Honestly, this morning I had almost convinced myself to run with the propane on after reading the Dometic and AS manuals, because that's what I really want to do. Then I found the other citations, and decided for now to turn my propane off while in transit.

Everybody's risk tolerance is different. That's why some of us tow with teensy vehicles and others tow with 1 ton trucks, and everything in between. (ducking)

So, to answer the OP question of whether it's OK to run the fridge on propane while towing, the answer seems to be, unless you're in certain provinces of Canada it may be legal, and members of this forum who have done so while ensuring the fridge is off when fueling a gasser have had good experiences so far. So, given your personal risk tolerance profile and what little information you find here and elsewhere, do what seems best to you.
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Old 04-21-2014, 09:21 PM   #33
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"though a personal observation does not constitute a statistically significant sample. I see far too many people on forums speaking as if that were true...and it's just not.”

I think if we are talking about low base rate events such as likely rare explosions in the event of accidents or rare ignitions in some otherwise odd ball event....stats probably are the only thing that will constitute something worth regarding much of.

In the case of very low probability base rate type events, what you can expect on internet forums are 10’s, hundreds, even thousands of posts describing anecdotes declaring personal experience negative of the rare base rate event. Not surprising at all....exactly what you would expect (thank goodness!).

If the base rate is so very low (and I very much suspect it is), then these anecdotes while re-assuring offer no meaningful sense of the risk.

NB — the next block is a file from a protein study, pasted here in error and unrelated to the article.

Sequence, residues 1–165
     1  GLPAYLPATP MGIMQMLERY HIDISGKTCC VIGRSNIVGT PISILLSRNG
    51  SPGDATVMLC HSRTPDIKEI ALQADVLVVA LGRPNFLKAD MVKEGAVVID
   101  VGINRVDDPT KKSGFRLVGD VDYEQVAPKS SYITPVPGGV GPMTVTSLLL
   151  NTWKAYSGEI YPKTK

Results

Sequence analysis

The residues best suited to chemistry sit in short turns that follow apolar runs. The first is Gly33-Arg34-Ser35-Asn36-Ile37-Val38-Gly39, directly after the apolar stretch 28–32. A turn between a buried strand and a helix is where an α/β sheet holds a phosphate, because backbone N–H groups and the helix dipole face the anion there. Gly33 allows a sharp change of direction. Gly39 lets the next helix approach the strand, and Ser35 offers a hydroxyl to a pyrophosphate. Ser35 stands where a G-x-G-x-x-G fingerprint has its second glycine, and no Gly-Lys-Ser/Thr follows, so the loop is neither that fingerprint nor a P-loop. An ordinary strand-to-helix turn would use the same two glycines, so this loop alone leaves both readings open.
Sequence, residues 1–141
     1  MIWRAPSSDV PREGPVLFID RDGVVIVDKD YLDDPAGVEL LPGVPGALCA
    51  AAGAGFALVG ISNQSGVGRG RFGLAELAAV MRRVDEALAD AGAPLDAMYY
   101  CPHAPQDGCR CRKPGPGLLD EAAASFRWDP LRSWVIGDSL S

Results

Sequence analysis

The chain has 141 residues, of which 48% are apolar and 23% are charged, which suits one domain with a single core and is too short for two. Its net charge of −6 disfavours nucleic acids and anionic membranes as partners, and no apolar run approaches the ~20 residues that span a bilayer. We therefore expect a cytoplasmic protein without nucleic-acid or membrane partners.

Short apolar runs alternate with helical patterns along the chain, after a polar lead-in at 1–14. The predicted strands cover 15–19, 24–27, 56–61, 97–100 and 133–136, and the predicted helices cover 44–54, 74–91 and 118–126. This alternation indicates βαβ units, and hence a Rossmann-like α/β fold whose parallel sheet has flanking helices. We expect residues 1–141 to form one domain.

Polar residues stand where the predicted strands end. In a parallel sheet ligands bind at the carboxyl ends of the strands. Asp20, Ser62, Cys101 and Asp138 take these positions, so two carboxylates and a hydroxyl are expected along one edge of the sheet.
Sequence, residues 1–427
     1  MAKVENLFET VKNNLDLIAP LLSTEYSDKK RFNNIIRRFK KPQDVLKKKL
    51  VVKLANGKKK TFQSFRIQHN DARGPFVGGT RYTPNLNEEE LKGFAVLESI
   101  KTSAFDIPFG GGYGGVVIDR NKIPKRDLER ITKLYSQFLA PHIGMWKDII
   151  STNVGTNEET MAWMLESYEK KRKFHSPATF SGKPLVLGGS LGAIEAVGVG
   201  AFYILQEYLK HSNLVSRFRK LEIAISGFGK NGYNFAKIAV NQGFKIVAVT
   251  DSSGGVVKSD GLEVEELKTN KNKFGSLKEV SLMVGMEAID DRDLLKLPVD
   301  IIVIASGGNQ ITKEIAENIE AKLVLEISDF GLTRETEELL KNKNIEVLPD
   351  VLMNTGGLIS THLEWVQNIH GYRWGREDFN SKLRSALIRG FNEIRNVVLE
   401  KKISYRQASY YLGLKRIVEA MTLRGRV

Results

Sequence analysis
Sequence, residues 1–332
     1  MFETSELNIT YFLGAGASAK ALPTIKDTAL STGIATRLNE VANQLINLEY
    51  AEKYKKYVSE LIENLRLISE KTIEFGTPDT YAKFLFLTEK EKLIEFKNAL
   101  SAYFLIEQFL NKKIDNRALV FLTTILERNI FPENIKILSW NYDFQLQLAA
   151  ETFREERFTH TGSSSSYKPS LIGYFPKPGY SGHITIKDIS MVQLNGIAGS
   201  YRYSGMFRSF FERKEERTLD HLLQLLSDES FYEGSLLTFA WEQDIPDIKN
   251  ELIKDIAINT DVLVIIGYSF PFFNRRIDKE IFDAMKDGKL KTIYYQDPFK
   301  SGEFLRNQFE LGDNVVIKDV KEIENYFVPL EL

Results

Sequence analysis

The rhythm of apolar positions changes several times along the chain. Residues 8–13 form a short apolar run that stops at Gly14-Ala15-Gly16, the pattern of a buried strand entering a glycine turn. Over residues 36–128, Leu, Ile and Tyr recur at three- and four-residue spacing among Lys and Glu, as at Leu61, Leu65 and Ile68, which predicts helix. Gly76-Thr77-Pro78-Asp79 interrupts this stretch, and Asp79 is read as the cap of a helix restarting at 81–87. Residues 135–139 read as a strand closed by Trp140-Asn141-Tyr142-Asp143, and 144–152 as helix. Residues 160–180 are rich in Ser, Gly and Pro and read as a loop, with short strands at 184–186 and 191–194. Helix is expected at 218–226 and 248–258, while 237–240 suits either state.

woops, sorry, im a self proclaimed “geek” so there ya go....

I run with the fridge on so far, but honestly I have not read the stats, and I can say that perhaps if after finding these stats and reviewing them....maybe I would not accept the risk...but I am assuming at this point that the base rate is extremely low and I will ignore this risk for convenience....

Others may look at a stat of a low base rate event and decide not to accept that risk and say that from their standpoint, that low probability event is totally avoidable as such with a few easy steps so why not?

That point of view is equally valid from that standpoint I think...ill try and dig up any useful stats on da google and report back....honestly it will take some serious stats to get me worked up about it at this point...even if I find the stats...being that my background is not in something like the epidemiology of risk management...it will be rather difficult to wrap my head around the stats.....but that wont stop me from trying

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Old 04-21-2014, 09:43 PM   #34
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Just to present the alternative view, I run with the propane off. I'm not really concerned about how others run, or their opinion of my choice in this matter; it's just what I prefer to do.

There doesn't seem to be any meaningful statistics on the matter out there, at least not gathered and published on the Internet. As just about EVERYTHING gets published on the Internet I shall assume that a lack available data online is a lack of available data in general.

Personally I looked at the relative risks, you know, what COULD happen rather than what is likely to happen or what has happened (it's a long stint in IT security that's made me that way ) If you leave the propane on then you do have a length of relatively exposed live gas line under the A-frame which could, in theory, get fractured when hit by a rock thrown up, or in an accident. At best a quick emptying of the LPG tanks may occur if the line is fractured, at worst a fire. There IS a risk, but is it a big one? Probably not. Do I HAVE to have this line live when running? Well no, I don't. So for me, then, it's just the removal of a risk, however slight - and I actually shrugged my shoulders as I wrote that. There are many other risks we take daily, and dismiss them, this is just another that's up for consideration.

As an alternative to running the fridge when moving, we've put a bag of ice in the fridge when breaking camp and hit the LPG when we've stopped for lunch. The ice barely melts at all and the food stays cold. The freezer stays cold enough without the ice. It seems to work for us.
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Old 04-21-2014, 10:43 PM   #35
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Risks are to be assessed and either assumed, mitigated, or declined.

I am thinking that it is likely that showers prove far more dangerous than pulling a trailer with the propane on, but I will still take showers too.

Besides all that, frankly, if a camper is going to catch fire, I would rather have it do so when I am towing it as opposed to when I am sleeping in it.